Use Case of XML Processing Model and Web Services
Marco Carrer, Paul Lin, Alok Srivastava (
Oracle Corporation


In trying to come up with a comprehensive framework for Web Services
using XML, we have discovered use cases where a standard model for XML
Processing and XML Flow is very useful. In this paper we will describe a
system for Web Services Aggregation and Composition which incorporates
various use cases where XML processing is required.

XML Processing Modules and Web Services Aggregation

A Web Service is an encapsulation of functionality that can be accessed
using various internet protocols and can be reused across application
needs. XML plays an important role in the definition of particular Web
Services, as it is important also as a message protocol to achieve
maximum interoperability. In other words, a Web Service can be seen as a
black box that takes in requests in the form of XML and returns
responses also in the form of XML. Specifically in the definition of a
Web Service that aggregates other Web Services, there is a need for a
syntax that describes the different interactions among the sub-services
and other related XML processing. For example, a single Web Service
request may be used with multiple Web Sub-Services and therefore a
transformation is necessary to adapt its syntax for each of them.
In the specific case of Web Services Aggregation, an XML pipeline can be
built out of 6 types of simple processing blocks. The data flowing among
these modules consist of an array of XML messages whose cardinality can
vary according to the type of processing applied by the module. The
processing of the modules is activated by an incoming event containing
the XML messages. The processing flow is defined through a directed

1) Message Transformer: this module transforms the XML messages supplied
in the incoming  by applying the XSLT stylesheet specified as a module
property. The module can be used to perform necessary transformations to
adapt the syntax of an XML message to fit the one requested by a
specific XML request. The cardinality of the XML message array in the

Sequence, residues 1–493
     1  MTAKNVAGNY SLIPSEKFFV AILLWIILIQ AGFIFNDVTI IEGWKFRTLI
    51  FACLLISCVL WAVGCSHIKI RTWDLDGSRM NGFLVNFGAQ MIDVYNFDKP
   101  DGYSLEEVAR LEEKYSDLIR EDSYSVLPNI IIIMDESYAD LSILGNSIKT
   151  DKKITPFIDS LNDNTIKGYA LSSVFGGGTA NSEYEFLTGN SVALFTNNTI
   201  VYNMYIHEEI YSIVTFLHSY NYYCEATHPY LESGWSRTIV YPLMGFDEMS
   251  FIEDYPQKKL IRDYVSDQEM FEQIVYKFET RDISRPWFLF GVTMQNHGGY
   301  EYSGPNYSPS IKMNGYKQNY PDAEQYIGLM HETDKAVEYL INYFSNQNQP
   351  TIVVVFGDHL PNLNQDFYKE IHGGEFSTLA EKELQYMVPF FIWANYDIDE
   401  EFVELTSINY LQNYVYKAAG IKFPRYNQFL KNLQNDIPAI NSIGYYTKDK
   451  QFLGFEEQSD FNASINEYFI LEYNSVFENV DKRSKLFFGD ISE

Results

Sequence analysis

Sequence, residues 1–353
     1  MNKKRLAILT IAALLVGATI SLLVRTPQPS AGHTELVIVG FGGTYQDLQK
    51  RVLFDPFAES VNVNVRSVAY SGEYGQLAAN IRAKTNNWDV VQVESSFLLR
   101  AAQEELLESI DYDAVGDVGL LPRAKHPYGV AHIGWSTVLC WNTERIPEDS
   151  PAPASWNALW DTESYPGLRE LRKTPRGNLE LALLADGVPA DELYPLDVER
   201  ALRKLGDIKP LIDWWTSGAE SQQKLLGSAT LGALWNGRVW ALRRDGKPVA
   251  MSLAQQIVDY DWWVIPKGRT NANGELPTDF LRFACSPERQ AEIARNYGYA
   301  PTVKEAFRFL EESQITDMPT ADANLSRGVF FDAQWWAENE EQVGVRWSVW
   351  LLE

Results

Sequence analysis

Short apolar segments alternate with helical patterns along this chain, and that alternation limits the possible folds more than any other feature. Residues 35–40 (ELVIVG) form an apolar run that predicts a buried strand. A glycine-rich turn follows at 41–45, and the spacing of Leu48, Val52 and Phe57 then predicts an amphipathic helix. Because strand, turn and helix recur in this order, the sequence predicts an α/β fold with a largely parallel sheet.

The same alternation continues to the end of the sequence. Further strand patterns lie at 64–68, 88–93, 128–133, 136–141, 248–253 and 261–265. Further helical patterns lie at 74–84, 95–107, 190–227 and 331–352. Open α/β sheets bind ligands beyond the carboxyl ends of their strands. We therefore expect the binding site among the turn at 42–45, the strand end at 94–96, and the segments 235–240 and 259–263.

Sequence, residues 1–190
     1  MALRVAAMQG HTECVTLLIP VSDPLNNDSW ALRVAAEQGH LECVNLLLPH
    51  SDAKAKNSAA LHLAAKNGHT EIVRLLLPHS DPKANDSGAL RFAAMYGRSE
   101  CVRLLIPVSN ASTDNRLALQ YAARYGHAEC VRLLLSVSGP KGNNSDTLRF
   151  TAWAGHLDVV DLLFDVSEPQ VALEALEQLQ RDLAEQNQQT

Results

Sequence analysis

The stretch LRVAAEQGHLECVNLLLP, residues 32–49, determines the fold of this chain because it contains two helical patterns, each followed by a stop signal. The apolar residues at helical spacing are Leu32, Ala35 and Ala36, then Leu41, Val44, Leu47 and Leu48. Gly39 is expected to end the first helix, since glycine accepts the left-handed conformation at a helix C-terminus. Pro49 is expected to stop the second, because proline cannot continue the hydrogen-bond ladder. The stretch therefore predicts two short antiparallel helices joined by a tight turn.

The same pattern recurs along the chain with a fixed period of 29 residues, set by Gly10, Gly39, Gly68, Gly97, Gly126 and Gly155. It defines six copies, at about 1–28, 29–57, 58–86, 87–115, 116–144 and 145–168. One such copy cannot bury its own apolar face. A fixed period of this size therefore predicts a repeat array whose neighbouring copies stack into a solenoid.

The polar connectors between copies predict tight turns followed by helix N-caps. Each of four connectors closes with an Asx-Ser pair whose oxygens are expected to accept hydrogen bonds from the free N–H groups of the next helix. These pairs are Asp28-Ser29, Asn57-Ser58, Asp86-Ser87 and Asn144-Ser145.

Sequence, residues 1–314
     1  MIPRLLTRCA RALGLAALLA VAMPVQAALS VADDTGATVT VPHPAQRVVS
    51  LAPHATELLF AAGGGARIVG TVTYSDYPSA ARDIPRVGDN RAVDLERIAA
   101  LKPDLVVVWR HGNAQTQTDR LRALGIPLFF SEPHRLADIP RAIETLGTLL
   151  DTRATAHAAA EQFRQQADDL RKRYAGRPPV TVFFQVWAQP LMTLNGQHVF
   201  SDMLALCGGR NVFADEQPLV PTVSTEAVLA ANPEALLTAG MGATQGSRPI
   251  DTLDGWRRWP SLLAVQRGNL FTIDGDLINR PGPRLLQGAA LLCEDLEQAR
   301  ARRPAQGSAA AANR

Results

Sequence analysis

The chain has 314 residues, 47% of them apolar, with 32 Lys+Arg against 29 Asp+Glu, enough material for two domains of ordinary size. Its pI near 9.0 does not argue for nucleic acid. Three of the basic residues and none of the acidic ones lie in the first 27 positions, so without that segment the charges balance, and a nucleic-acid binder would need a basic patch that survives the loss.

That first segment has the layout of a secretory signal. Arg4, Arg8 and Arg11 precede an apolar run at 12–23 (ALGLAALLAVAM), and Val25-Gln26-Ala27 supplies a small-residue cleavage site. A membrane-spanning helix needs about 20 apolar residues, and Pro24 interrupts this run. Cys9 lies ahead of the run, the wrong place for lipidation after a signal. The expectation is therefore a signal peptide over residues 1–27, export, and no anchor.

outgoing event is the same of the incoming one (n->n).

2) Message Splitter: this module splits a single message into multiple
messages. Its properties specify a set of XSLTs to be used to convert
the supplied message. Each of the specified XSLT will be applied to the
supplied XML message and the result
appended to the array of messages of the response event. The module can
be used to feed the same XML request to a multitude of Service Execution
modules after the message has been transformed to fit the right syntax.

The cardinality of the XML message array in the incoming event is 1,
while the cardinality of the outgoing XML message array is greater that
1, depending on the number of associated XSLTs  (1->n).

3) Message Merger: this module merges multiple service messages into one
single message through the XSLT specified in its property. The module
can be used to merge the result of multiple service executions into one
single final response.The cardinality of the XML message array in the
outgoing event is 1, while the cardinality of the incoming XML message
array is greater that 1, depending on the  number of associated XSLTs

4) Service Execution: this module executes one service. The service to
be executed is specified at design time by setting one of the module
properties. Its execution is triggered by an event which carries an
array of XML messages. The Service Execution module will interpret them
as requests, and, after the service execution, it will produce another
array of messages composed of the responses returned by the service
execution(s). It is particularly interesting to notice how compound
services can be used in service execution modules for building new
compound services. The cardinality of the XML message array in the
outgoing event is the same of the incoming one (n->n).

5) Conditional: this module can be used to take different execution
paths according to some conditions. The response event of this module
will instruct the compound service execution adapter on deciding which
execution flow (dependency matrix) to use to identify the next modules
in the execution flow. The conditional module does not have any impact
on the XML processing rather on the pipeline flow.

6) Custom: the logic in this module can be programmed using the Java
language. The module has to implement some interfaces for handling its
properties and events.


This paper has presented the various use cases for XML processing models
applied to Web Services. These use cases highlighted a need for a
standard model for processing XML. Here we present this to the
Workgroup, in the hopes of achieving our eventual goal of global synergy
in the area of XML Processing pipelines.

(c) Oracle Corporation, 2001